Lender/Net Branching Relations
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Lender/Net Branching Relations

January 10, 2002

Consumers score low on credit survey mortgagepress.comcredit scores, consumer education, credit reporting
As companies and organizations increasingly utilize credit
scores to evaluate individuals as prospective customers, employees
or tenants, it is essential that consumers know their credit score,
understand what it means, and learn how to raise it. But according
to a new survey developed by the Consumer Federation of America
(CFA) and Providian Financial, most Americans do not understand
credit scores even when they think their knowledge of credit is
good.
Most consumers do not understand what credit scores measure,
what good and bad scores are, and how scores can be improved,
according to the survey of 1,027 representative adult Americans,
administered by the Opinion Research Corporation International for
CFA and Providian in late July. A follow-up survey will be
conducted in 2005.
Most consumers surveyed correctly understand that lenders use
credit scores, but only a minority know that electric utilities (30
percent), home insurers (47 percent) and landlords (48 percent)
often use credit scores to decide whether to sell a service and at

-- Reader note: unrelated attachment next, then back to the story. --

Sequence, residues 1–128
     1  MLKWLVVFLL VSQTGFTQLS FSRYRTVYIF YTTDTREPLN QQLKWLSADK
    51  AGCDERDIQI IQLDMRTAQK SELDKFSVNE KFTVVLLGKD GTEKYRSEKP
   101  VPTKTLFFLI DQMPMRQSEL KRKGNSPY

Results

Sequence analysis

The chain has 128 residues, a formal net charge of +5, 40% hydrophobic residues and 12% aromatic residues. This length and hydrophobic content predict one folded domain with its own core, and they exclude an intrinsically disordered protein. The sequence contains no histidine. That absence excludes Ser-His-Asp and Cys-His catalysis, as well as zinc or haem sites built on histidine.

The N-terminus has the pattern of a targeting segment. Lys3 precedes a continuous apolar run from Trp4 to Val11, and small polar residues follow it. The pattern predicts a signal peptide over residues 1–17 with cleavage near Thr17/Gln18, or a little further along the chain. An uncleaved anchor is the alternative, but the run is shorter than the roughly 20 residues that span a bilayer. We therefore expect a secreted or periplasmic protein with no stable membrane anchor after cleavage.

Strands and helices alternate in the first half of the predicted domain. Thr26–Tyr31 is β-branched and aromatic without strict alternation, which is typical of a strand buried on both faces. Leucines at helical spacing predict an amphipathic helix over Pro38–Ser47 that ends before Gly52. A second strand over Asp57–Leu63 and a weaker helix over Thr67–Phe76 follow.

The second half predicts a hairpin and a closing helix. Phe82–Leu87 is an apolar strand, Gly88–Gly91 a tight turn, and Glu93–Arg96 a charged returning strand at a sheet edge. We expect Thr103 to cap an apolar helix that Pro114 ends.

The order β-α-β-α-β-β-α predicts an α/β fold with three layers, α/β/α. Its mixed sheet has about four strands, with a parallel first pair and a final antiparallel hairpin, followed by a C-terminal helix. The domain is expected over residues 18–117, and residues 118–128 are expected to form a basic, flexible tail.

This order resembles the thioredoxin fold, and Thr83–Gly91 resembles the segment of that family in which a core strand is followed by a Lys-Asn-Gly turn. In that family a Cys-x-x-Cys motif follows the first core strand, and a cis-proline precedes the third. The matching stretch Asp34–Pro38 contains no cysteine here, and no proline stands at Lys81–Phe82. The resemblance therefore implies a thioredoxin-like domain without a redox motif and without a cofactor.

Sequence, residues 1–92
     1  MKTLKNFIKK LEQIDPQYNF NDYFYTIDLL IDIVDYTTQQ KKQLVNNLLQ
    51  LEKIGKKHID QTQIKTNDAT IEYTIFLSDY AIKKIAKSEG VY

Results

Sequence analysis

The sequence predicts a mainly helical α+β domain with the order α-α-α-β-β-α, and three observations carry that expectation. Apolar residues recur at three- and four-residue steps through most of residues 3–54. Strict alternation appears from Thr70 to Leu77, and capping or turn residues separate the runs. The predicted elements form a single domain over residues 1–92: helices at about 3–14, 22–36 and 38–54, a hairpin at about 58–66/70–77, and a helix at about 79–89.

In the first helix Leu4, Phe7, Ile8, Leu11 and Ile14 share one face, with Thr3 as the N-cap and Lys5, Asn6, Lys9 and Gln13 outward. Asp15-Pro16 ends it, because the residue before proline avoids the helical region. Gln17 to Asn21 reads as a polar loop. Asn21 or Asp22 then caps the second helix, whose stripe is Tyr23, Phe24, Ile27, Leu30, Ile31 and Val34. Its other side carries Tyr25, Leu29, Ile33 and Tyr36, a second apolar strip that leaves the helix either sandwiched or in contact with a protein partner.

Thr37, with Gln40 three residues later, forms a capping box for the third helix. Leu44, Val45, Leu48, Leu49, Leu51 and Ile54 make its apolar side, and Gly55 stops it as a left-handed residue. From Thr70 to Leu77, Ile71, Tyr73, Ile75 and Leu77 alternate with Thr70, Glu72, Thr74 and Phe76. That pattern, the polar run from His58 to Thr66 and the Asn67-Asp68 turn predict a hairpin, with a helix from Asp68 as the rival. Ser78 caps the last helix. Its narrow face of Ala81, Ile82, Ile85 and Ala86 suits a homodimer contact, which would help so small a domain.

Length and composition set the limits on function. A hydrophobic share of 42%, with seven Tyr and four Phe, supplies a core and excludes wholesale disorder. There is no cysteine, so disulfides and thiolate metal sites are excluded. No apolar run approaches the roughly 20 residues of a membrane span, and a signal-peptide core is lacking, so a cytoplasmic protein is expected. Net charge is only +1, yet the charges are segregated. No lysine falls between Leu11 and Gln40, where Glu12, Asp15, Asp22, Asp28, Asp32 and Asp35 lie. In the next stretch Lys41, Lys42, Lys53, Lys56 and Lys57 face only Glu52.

what price. The survey's good news is that most consumers (59
percent) recognize that their knowledge of credit scores is poor or
fair and, therefore, are more likely to seek this knowledge once
they understand how important their credit scores are to their
lives.
For example, according to Fair Isaac's Web site, on a $150,000,
30-year, fixed-rate mortgage, consumers with credit scores higher
than 720 will be charged a 5.72 percent rate with monthly payments
of $872, while consumers with credit scores below 560 will be
charged a 9.29 percent rate with monthly payments of $1,238 (if in
fact they are able to qualify for the loan)an annual difference of
$4,392.
Most consumers do not understand credit
scores
Most consumers do not understand the meaning of credit scores,
their importance, how to obtain them, and how to improve them,
according to the CFA/Providian survey (with a margin of error of
plus or minus three percentage points).
•Only about one-third (34 percent) correctly understand
that credit scores indicate the risk of not repaying a loan, not
factors like financial resources to pay back loans or knowledge of
consumer credit. This low percentage appears to reflect the
misconception that credit scores evaluate factors like income (65